It’s not that far from Yankee Stadium in the Bronx to Greenwich Village or the theater district in Manhattan. As always, there was much to see and do there, but Catfish Hunter’s New York experiences pretty much started and ended on the pitching mound. He was not inclined to check out the club scene where Bob Dylan made his breakthrough in the early ’60s. Nor was he apt to see Broadway plays such as Oh Calcutta, directed by Jacques Levy.  His heart was in Hertford, North Carolina. For him, working in New York, as in Kansas City and Oakland before, simply led to a good life for his family. He looked forward to several decades back home after leaving the bright lights of the big leagues. It was to be an ideal retirement, one well-earned.

    James Augustus “Catfish” Hunter lived only 20 years after his retirement from baseball.  The stoic and hard working pitcher died at 53, succumbing  to ALS. The disease is known in North America as Lou Gehrig’s disease, named after another great New York Yankee who died from its effects in 1941. Gehrig was known as “The Iron Horse,” having played in 2,130 consecutive games over 15 years, beginning during the 1925 season. He passed away at 36, little more than two years after he played his last game. Amazingly, both Gehrig and Hunter, durable and dominant, always ready to play, fell to a disease that causes the central nervous system to break down, resulting in muscle weakness and atrophy.

    Sal Bando, who emerged as an All Star third baseman for the Oakland Athletics in the same years that Hunter became one of baseball’s top pitchers, had fond memories of his old teammate. He remembered Hunter treating everyone alike, saying, “If you were an extra man, or you were a star, it didn’t matter, (he was) just a down to earth guy.” Bando also took note of what brought pleasure to Catfish, recalling,  “He was up by 4 or 5 and went fishing. He got in about noon, showered, went to the ballpark, pitched 10 innings and drove in the winning run.”

    Hunter’s life was a mix of old and new. He thrived in a time of change in professional sports but still concerned himself with his crops back home. He enjoyed needling fellow Hall of Famer Reggie Jackson, particularly about Jackson’s flamboyance. He once told New York Post reporter Maury Allen that Reggie wasn’t such a bad guy. Hunter said, “He would give you the shirt off his back. But then, of course, he would call a press conference to announce it.” One can imagine Catfish Hunter and Reggie Jackson at Hall of Fame ceremonies in Cooperstown, New York. They might discuss Jackson hitting a home run in the last World Series game they played in as teammates. Hunter was the winning pitcher in that game, the one that clinched the ’78 World Series for The New York Yankees. Jackson might have preferred to talk about his homer. Yet Hunter could remind Jackson of how he struck him out in Bob Dylan’s song. That may or may not have fazed Jackson.  After all, he struck out 2597 times, the most in major league history. But he also hit 563 home runs, some putting Hunter in the lead during big games. As with much in life, baseball has great symmetry: a couple of million dollar men helping each other out.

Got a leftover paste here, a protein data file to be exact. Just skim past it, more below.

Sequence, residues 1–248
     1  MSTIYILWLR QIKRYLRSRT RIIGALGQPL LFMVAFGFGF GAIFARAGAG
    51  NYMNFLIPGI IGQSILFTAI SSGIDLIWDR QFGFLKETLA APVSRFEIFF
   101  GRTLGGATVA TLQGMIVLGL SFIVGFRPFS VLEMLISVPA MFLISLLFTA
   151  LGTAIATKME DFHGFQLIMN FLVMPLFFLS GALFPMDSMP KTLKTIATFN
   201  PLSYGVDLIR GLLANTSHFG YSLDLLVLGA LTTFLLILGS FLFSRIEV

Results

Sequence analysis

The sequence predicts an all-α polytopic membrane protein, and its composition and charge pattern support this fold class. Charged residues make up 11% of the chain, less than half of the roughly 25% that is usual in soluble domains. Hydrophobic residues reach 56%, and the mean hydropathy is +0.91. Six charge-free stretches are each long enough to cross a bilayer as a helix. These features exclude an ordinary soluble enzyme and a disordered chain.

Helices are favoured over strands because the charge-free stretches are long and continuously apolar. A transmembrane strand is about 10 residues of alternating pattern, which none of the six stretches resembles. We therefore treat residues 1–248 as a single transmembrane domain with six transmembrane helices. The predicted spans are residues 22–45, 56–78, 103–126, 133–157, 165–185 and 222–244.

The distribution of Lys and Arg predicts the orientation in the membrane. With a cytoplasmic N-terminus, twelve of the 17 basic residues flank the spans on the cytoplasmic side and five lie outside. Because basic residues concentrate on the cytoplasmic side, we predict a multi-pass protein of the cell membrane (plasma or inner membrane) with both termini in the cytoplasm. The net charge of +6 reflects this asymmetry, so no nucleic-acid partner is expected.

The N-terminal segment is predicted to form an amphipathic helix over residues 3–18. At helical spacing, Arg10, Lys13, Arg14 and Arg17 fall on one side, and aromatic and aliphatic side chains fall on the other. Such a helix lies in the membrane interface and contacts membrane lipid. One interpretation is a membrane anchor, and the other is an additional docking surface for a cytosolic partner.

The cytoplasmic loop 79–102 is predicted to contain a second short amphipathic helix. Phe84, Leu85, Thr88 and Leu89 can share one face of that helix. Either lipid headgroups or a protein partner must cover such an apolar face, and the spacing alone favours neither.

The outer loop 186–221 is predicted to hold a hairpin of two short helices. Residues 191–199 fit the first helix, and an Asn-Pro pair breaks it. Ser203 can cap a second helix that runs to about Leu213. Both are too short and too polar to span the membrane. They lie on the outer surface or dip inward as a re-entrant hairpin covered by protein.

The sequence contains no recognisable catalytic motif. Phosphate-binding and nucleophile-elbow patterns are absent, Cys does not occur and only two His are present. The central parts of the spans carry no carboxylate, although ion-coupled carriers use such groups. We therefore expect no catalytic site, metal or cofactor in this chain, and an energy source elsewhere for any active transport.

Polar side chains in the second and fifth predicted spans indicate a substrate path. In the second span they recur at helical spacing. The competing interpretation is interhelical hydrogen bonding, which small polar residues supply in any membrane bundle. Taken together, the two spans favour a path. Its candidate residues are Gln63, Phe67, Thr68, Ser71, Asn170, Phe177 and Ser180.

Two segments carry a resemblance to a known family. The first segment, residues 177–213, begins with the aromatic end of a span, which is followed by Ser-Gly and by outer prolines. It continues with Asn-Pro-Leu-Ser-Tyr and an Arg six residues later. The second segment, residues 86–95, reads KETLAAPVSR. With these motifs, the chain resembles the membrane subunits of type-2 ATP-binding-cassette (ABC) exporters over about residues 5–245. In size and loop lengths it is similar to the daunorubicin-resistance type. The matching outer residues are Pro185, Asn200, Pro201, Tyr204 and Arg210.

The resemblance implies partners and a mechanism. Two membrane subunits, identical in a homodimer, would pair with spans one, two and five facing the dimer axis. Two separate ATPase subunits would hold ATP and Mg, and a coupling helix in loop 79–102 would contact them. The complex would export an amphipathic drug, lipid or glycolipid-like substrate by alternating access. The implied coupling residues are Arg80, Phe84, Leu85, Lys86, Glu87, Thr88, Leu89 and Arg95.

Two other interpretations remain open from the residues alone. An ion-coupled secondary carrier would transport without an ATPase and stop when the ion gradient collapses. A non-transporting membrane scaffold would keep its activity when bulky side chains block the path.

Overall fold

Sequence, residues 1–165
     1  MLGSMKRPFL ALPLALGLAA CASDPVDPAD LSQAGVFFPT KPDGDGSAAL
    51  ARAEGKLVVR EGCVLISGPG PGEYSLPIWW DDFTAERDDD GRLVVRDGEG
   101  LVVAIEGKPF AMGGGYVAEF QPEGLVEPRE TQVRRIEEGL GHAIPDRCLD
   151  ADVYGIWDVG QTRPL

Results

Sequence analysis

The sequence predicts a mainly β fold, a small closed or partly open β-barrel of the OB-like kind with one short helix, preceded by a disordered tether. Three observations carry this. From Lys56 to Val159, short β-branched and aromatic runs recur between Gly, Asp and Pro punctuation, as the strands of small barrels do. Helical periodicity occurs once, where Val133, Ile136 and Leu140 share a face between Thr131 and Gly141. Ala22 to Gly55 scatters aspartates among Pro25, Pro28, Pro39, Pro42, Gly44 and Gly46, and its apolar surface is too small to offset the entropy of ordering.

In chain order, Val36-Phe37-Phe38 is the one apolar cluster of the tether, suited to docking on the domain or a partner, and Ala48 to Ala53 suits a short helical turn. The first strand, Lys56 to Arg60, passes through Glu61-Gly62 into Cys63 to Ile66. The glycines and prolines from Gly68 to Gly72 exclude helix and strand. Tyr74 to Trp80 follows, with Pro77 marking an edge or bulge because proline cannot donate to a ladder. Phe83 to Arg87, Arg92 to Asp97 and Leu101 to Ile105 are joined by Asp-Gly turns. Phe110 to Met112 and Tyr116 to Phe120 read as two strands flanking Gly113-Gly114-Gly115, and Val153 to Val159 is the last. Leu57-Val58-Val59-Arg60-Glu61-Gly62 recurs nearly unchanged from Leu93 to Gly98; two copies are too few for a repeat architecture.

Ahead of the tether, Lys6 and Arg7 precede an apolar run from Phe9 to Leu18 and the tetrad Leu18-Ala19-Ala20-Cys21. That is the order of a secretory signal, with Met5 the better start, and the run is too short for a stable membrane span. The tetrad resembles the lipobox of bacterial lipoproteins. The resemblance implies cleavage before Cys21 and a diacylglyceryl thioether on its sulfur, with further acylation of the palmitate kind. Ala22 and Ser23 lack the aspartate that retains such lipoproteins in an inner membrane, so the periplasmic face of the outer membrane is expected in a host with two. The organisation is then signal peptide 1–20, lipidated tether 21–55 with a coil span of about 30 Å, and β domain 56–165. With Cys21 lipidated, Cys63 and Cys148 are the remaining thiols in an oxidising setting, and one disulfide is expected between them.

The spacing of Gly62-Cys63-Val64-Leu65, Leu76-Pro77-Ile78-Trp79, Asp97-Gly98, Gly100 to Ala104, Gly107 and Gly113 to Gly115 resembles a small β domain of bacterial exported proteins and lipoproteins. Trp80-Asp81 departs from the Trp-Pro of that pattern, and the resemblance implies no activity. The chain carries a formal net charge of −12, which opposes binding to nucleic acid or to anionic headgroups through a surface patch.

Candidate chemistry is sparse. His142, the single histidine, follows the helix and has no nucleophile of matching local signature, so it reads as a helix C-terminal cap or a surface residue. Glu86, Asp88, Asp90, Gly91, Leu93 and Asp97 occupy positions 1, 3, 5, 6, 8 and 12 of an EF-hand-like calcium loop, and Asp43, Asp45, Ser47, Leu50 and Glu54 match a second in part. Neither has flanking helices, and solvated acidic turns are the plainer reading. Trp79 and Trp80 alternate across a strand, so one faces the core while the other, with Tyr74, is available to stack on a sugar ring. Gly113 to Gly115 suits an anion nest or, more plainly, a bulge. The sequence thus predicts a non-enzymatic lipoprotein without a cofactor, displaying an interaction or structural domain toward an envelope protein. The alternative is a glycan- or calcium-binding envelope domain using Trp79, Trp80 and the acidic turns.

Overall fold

Author’s note: A follow-up to this story, will appear in Like The Dew the week of November 8, 2010.

     

    “Catfish” by Bob Dylan on Baseball Almanac:

    http://www.baseball-almanac.com/poetry/bob_dylan_catfish.shtml

    ###
    Jeff Cochran

    Jeff Cochran

    Jeff Cochran worked in advertising at The Atlanta Journal-Constitution for 27 years before accepting a buy-out in the Summer of 2008. In the seventies/early eighties, he handled advertising for Peaches Records and Tapes’ Southeastern and Midwestern stores. He also wrote record reviews for The Great Speckled Bird, a ground-breaking underground newspaper based in Atlanta.

     

    Print Friendly, PDF & Email

     

  • Worthy of Comment






  • Bruce Springsteen Sings "Robert Mueller's Comin' to Town"



  • Come Back, Barack - SNL



  • Indivisible at One

    Green Day - Back In The USA



  • The Most Honest Three Minutes
    In Television History


  •  
     
     
  • %d bloggers like this: